Madrid bombings carry al-Qaida hallmark

By CLAUDE SALHANI, UPI International Editor

WASHINGTON, March 11 (UPI) -- "It's a declaration of war against democracy," said Pat Cox, the president of the European Parliament, of Thursday's attacks in Madrid. On that point there is no debate. What is debatable, however, is who is responsible for the senseless slaughter of innocents.

While all fingers in Spain are pointing at the Basque separatist movement ETA as the perpetrators of Thursday's atrocious train bombings that left some 186 dead and 600 wounded, the attacks carry all the markings of al-Qaida and its jihadi affiliates.


For starters the Brussels-based World Observatory of Terrorism, an independent think tank affiliated with the European Strategic Intelligence and Security Center, points to five major reasons that cast doubt on the involvement of ETA.

First, ETA generally warns Spanish authorities moments before launching their attacks in which civilians are likely to be harmed. This, obviously, was not the case on Thursday.


Second, ETA traditionally targets representatives of the government or the administration, such as policemen, the military, magistrates or even journalists who oppose them.

Third, ETA customarily selects "symbolic" targets, such as military barracks and administrative buildings. Although ETA's largest attack to date was in 1987 against a supermarket in Barcelona that killed 21 people, this was the exception rather than the norm.

Fourth, ETA always claims its attacks. Following any ETA bombing, ETA militants call in a claim to Spanish authorities. This failed to happen this time.

Fifth, ETA has never in the past carried out multiple attacks. According to some sources, at least 10 bombs were detonated almost simultaneously on Thursday.

On the other hand, these murderous attacks bear the traditional hallmark of al-Qaida: multiple bombs detonating a few seconds apart and programmed to cause the largest possible number of human casualties.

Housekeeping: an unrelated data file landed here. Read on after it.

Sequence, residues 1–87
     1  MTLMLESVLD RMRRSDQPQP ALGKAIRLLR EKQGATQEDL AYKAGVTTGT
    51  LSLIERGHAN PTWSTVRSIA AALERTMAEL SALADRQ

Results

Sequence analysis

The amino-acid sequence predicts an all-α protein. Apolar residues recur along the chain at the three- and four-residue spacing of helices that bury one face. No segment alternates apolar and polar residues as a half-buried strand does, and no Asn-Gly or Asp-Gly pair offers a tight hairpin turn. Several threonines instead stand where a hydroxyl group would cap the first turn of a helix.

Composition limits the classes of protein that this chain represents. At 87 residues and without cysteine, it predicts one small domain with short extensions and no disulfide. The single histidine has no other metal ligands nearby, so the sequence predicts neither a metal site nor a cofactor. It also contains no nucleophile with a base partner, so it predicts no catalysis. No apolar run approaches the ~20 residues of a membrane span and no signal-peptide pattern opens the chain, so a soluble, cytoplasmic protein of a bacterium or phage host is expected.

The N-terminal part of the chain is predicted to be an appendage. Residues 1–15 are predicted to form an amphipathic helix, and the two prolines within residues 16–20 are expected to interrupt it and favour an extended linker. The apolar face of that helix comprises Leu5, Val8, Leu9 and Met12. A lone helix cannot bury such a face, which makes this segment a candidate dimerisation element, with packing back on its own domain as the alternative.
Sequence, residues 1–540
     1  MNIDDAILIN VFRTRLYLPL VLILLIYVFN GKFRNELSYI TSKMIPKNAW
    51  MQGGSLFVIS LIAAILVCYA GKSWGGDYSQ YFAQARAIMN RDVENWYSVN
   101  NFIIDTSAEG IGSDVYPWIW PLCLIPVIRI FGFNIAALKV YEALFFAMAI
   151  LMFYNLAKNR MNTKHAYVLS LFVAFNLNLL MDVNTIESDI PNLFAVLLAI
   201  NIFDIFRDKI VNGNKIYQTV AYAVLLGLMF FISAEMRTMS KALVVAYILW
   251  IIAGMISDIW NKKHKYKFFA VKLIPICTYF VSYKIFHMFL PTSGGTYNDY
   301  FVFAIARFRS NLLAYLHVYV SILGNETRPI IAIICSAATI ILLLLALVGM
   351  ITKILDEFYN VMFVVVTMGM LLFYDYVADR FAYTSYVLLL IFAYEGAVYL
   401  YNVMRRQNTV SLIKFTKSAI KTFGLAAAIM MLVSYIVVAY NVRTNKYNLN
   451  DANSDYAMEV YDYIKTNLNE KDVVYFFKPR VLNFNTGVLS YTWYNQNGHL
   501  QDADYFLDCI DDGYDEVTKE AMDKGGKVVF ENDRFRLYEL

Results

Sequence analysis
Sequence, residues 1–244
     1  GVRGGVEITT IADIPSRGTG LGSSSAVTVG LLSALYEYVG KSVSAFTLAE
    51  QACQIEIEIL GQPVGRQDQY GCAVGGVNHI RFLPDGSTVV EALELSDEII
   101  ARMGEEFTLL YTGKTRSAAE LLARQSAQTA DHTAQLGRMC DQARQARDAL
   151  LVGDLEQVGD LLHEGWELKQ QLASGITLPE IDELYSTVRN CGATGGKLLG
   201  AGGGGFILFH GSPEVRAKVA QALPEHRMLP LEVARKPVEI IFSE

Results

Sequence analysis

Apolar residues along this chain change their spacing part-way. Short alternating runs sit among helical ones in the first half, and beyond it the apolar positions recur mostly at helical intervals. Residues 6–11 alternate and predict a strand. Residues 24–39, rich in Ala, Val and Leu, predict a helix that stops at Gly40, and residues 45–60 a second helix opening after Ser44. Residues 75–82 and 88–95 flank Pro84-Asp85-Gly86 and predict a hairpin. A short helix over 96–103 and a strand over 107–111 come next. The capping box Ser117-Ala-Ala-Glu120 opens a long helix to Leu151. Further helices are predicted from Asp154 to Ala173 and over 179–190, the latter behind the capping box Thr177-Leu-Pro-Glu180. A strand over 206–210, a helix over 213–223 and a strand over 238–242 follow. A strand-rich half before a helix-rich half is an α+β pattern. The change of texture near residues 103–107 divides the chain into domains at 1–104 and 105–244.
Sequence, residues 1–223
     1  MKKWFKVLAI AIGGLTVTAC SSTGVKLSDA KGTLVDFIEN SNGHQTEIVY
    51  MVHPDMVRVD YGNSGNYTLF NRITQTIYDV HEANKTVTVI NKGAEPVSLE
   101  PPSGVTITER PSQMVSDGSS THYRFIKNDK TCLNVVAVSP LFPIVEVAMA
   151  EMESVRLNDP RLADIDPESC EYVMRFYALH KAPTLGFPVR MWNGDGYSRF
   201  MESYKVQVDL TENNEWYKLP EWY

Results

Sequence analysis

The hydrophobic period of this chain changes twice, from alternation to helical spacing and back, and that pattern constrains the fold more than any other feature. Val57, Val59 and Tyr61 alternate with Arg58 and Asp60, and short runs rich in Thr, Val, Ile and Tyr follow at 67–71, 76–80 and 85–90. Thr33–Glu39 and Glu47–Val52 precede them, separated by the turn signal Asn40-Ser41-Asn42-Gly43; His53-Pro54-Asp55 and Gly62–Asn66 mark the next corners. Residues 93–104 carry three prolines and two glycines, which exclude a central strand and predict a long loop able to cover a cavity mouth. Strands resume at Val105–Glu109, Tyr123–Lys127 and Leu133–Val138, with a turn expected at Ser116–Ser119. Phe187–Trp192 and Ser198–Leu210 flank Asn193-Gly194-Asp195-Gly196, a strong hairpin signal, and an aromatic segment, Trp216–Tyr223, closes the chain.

Again, according to the World Observatory of Terrorism, several elements seem to point to the "International Jihad Movement."

The "multiple targeting," reports the WOT, is the standard operating procedure of the fundamentalist Islamist movement.

Just look at the past attacks attributed to al-Qaida; the twin attacks against the U.S. embassies in Nairobi and Dar es Salam on Aug. 7, 1998, the double attacks in Istanbul last year, the various attacks in Iraq and of course, the twin 9/11 bombings against the World Trade Center and the Pentagon.


Furthermore, attacks planned to cause large numbers of civilian casualties is the preferred jihadi approach.

Spain, says the WOT, is "an acceptable target" for al-Qaida for is unfaltering support of the United States in the war in Iraq. Spain, along with the United Kingdom, has contributed troops to the war effort, and its prime minister, Jose Maria Aznar, showed unflagging support to President George W. Bush and the war effort. Aznar stood side by side with Bush and British Prime Minister Tony Blair at a pre-war summit in the Azores.

The Madrid bombings appear to be unlike anything ETA has accomplished in the past. French and German intelligence officers who spoke to United Press International on condition their names not be revealed say, "the Madrid attacks are far too sophisticated to be the work of ETA. There was too much logistics involved for this to be the work of ETA."

Several Islamist movements were traced to Spain, and some were apprehended and dismantled, intelligence officials reported. The Brussels think tank further stated in a previous report that Spain was "classified in eighth position on the list of Western countries most threatened by the jihadist movement."

"We underlined that the countries participating in the coalition in Iraq -- including Spain -- could expect to be the target of Islamic attacks," said Claude Moniquet of the WOT.


Another reason why it does not appear to make sense that ETA would be behind these attacks is that the Basque separatist movement already suffers from a lack of popular sympathy. If proof of these murderous killings were to be tied to ETA, the group would stand to loose even more support, without which it would have a hard time sustaining itself politically. Even the Basque population would reject such thoughtless killings and would begin to distance themselves from the group. Of this, the ETA leadership is well aware.

Finally, discounting the Istanbul bombings, al-Qaida has not struck in the West since 9/11, and Osama bin Laden and his followers have been largely on the defensive. This would be the perfect time for them to show their supporters and the Western powers that they are still very much a force to be reckoned. In many ways, Spain was the ideal target. It's a Western European nation, a member of NATO, a U.S. ally and a participant in the war in Iraq. Furthermore, given Spain's experience in combating terrorism over the years, it was far from being a "soft target."

As one German intelligence officer lamented, "now the war has reached Europe."


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